The Wright Brothers file their first ‘flying machine’ patent

Today on March 23rd 1903, the Wright Brothers unsuccessfully file their first patent for the "flying machine".

Orville and Wilbur Wright are perhaps two of the most famous brothers in American history. The Wright Brothers are generally credited with inventing and successfully patenting the first airplane. In 1902, the two aviation pioneers conducted several experiments and eventually succeeded in controlling a glider across all three axes of the flight: pitch, roll and yaw. Most importantly, they discovered how to simultaneously use roll and yaw control to achieve a forward-elevated movement. On March 23 1903, they decided to write and file their first patent without any experienced legal support. This first attempt was swiftly denied by the United States Patent Office.

The following year they hired a patent attorney in Ohio and were finally granted U.S. Patent #821,393 on May 22 1906. From that moment on, the Wright Brothers aggressively defended their patent and sued many domestic and foreign aviation companies and inventors. Their most notable rival was a fellow American aviation pioneer, Glenn Curtiss, who they famously litigated against for licensing fees. By 1916, Wilbur had passed away and Orville entered retirement. He sold the rights to their patent to the Wright-Martin Corporation. The patent wars continued between several U.S. aviation companies, which largely hampered the industry’s growth and development. In fact, American pilots were forced to use more advanced European manufactured planes during World War I.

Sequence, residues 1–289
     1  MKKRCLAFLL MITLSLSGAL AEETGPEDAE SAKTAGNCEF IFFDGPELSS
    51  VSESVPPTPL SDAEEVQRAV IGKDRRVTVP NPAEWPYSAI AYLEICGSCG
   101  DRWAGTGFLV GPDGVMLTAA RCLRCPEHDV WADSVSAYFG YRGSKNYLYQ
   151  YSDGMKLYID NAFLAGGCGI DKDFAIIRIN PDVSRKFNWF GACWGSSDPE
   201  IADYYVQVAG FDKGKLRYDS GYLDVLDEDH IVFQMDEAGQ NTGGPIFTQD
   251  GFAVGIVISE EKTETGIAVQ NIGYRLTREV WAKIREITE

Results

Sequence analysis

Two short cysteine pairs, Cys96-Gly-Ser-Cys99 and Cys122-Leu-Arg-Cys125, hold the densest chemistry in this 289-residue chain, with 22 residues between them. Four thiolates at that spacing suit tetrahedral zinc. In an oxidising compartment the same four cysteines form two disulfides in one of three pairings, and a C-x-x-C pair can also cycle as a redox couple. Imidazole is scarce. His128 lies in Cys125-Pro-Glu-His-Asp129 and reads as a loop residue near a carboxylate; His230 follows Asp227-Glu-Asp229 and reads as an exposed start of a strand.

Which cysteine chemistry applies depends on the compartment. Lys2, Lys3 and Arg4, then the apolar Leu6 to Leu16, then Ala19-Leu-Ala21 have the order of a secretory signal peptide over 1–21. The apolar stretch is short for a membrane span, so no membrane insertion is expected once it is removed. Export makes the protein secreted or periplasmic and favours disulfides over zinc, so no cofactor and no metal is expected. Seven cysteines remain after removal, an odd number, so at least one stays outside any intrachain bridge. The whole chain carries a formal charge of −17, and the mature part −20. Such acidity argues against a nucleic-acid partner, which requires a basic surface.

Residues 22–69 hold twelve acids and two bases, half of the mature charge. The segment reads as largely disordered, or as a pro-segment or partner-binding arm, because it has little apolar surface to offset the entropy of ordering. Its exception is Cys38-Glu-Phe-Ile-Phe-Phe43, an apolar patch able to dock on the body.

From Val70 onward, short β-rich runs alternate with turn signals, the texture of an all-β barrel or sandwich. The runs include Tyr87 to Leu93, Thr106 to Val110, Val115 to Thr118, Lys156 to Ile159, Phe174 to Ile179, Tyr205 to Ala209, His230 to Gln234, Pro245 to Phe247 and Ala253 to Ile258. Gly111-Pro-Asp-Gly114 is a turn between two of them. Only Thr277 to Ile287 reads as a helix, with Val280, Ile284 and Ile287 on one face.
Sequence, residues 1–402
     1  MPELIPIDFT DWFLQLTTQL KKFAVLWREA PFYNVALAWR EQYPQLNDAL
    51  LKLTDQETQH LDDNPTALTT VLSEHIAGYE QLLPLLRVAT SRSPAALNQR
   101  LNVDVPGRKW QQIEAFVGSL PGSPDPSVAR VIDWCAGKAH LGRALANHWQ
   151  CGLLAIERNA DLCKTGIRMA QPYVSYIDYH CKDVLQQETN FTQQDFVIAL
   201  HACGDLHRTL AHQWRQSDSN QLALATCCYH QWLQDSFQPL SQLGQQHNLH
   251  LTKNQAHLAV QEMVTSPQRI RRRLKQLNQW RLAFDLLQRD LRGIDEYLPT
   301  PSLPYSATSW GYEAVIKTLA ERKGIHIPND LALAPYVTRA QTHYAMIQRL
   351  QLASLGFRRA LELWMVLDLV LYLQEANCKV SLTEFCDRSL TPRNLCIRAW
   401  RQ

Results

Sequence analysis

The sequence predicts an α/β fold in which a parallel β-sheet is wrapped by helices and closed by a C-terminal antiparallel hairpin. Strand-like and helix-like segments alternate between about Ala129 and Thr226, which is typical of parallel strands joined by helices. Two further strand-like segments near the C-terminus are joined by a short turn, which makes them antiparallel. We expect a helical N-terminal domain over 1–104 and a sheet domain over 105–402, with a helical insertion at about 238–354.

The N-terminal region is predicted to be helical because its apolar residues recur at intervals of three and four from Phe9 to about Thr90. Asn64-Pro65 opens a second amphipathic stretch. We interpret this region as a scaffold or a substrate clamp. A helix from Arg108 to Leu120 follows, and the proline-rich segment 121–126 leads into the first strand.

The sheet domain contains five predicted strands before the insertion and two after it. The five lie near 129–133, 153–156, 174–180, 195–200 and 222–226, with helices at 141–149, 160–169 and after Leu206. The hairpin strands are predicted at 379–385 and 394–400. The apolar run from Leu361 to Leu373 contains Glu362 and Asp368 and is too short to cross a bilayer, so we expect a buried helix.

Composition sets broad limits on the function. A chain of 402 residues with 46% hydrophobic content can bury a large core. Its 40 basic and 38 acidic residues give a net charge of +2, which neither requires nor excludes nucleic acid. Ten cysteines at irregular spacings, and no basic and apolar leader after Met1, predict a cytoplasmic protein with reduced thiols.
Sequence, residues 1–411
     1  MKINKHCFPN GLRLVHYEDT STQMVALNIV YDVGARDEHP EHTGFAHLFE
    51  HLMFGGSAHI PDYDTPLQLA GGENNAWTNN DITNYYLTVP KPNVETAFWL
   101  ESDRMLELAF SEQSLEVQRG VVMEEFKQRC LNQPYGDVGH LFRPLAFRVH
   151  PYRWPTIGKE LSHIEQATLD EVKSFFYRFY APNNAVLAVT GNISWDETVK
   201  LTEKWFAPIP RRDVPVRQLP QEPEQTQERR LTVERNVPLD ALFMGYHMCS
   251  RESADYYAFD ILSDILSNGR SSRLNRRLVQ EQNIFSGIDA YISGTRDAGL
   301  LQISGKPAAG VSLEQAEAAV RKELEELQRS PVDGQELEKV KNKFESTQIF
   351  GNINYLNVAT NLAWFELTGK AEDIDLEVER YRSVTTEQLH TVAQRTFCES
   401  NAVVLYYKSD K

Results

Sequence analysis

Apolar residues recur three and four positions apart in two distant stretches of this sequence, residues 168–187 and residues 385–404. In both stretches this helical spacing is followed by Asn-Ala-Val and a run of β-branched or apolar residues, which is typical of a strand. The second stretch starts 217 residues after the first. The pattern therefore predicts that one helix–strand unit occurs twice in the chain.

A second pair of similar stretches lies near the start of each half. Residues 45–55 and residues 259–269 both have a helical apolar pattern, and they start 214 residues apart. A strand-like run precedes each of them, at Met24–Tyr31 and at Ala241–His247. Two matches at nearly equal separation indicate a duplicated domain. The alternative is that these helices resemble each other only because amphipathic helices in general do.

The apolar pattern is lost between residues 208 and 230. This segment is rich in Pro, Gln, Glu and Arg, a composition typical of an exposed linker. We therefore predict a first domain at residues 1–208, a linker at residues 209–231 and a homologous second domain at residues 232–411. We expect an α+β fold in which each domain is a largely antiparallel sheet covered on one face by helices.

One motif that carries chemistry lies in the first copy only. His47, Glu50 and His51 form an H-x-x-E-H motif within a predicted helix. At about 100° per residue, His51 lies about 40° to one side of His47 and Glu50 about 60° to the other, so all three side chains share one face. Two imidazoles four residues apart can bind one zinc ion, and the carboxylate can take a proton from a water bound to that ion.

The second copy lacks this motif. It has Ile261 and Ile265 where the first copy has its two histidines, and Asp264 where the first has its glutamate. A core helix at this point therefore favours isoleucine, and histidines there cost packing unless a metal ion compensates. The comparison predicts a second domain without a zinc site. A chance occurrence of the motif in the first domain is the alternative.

The elder brother Wilbur was the first to become airborne as he won a coin toss with Orville. In fact, the two brothers only ever flew together once. Their father had made them promise to fly separately in case of a fatal accident. The brothers always publically shared credit for their innovations and maintained a close relationship throughout their lives. However, Wilbur was known to be the true business and operational leader, and served as the president of the Wright Company.

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